The user of a new pager places it into "registration mode" by commands entered through the pager's user interface. In registration mode, the pager displays previously stored identification code and begins rapidly searching through a list of candidate paging channels. The user then telephones the paging system clearinghouse and provides the identification code. Upon receiving this information, the paging system broadcasts an initialization message addressed to the new pager. Included in the message may be initialization data, such as a list of alternative frequencies on which the paging data may be found. The pager quickly receives this message (due to its rapid searching operation) and stores any initialization data in data registers for future reference. The pager then displays a message to the user confirming the pager's proper operation.

Description

RELATED APPLICATION DATA

The present application is a continuation-in-part of copending applications:

Ser. No. 07/367,207, filed June 16, 1989, now pending

Ser. No. 07/367,014, filed June 16, 1989, now pending

Ser. No. 07/430,457, filed Oct. 31, 1989 now pending, and

Ser. No. 07/352,635, filed May 12, 1989 (now U.S. Pat. No. 4,897,835.

Application Ser. No. 07/352,635 is a continuation of abandoned application Ser. No. 07/121,139, filed Nov. 16, 1987, now abandoned which in turn was a continuation-in-part of application Ser. No. 06/802,844 filed Nov. 27, 1985 now U.S. Pat. No. 4,713,808. All of these related cases are assigned to the present assignee and are incorporated herein by reference.

FIELD OF THE INVENTION

The present invention relates to paging systems, and more particularly the present invention relates to the registration of new pagers in a paging system.

BACKGROUND AND SUMMARY OF THE INVENTION

In conventional paging systems, each paging receiver is assigned a unique address or identification number. The address or identification number is stored in a non-volatile memory or the number is wired into the pager's circuitry. Before a new paging receiver can be used in a paging system, the paging system must be informed of the receiver's identification code. That is, when an individual buys or leases a pager the paging system's clearinghouse (a computerized facility that controls operation of the paging system) must be programmed to associate the particular individual with the particular address stored in the pager that the individual has acquired.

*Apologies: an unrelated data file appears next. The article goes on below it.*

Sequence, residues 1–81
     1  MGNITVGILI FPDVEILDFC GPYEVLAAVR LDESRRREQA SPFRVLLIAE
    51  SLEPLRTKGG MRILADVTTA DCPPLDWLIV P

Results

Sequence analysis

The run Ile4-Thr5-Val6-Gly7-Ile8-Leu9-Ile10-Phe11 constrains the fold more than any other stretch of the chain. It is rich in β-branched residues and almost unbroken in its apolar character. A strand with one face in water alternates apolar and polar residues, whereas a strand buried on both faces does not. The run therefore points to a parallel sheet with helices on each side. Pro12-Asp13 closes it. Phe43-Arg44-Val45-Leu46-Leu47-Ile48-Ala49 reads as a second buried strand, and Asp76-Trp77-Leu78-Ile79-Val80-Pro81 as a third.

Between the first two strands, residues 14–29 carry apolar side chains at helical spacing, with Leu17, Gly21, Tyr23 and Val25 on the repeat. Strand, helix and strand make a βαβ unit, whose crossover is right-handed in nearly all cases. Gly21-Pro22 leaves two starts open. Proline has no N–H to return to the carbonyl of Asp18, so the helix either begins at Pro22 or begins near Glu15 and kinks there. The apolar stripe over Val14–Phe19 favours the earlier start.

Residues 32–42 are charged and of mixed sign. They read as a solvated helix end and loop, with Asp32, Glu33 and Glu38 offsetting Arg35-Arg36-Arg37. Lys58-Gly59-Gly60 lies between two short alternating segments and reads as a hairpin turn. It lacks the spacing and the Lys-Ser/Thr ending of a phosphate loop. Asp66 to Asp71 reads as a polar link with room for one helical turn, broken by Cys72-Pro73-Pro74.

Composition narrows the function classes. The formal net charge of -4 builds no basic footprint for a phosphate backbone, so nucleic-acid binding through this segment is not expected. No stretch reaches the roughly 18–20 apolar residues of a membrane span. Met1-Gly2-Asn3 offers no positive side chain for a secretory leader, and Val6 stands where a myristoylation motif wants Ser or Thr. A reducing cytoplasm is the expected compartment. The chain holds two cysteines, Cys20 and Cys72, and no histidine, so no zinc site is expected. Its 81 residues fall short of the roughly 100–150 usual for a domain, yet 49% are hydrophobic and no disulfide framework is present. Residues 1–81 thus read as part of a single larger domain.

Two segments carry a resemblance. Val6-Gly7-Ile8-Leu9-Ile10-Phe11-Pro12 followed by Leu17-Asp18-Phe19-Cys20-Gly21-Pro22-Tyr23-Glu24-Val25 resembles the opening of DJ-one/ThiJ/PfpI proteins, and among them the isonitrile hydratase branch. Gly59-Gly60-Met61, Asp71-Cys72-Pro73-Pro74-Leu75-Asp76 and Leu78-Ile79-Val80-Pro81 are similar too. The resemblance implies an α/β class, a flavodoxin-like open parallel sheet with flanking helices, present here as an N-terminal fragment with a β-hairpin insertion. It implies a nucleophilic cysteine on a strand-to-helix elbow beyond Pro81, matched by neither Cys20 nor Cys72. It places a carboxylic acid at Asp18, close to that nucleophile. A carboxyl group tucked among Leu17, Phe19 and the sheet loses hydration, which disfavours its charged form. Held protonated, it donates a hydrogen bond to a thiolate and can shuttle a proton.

The present invention is directed to pagers which are designed for widespread use and for mass distribution. Furthermore, the present invention is designed for use in a pager which normally only has a short active period followed by a relatively long inactive period (for example the pager may only be active for 35 milliseconds every 1.875 minutes). Such a pager could be registered in substantially the same way that prior art pagers are now being registered; however, if this were done, a user might have to wait a substantial period of time (in the neighborhood of 1.875 minutes) before receiving an acknowledgement on the pager indicating that the registration operation had been completed and that the pager had received a message from the clearinghouse. From a human factors point of view this delay, while seemingly short is not acceptable.

With such pagers a simple and fast registration procedure is required. It is an object of the present invention to provide a pager and a paging system which can facilitate a simple and fast registration procedure.

The present invention therefore provides the pager with a special registration mode.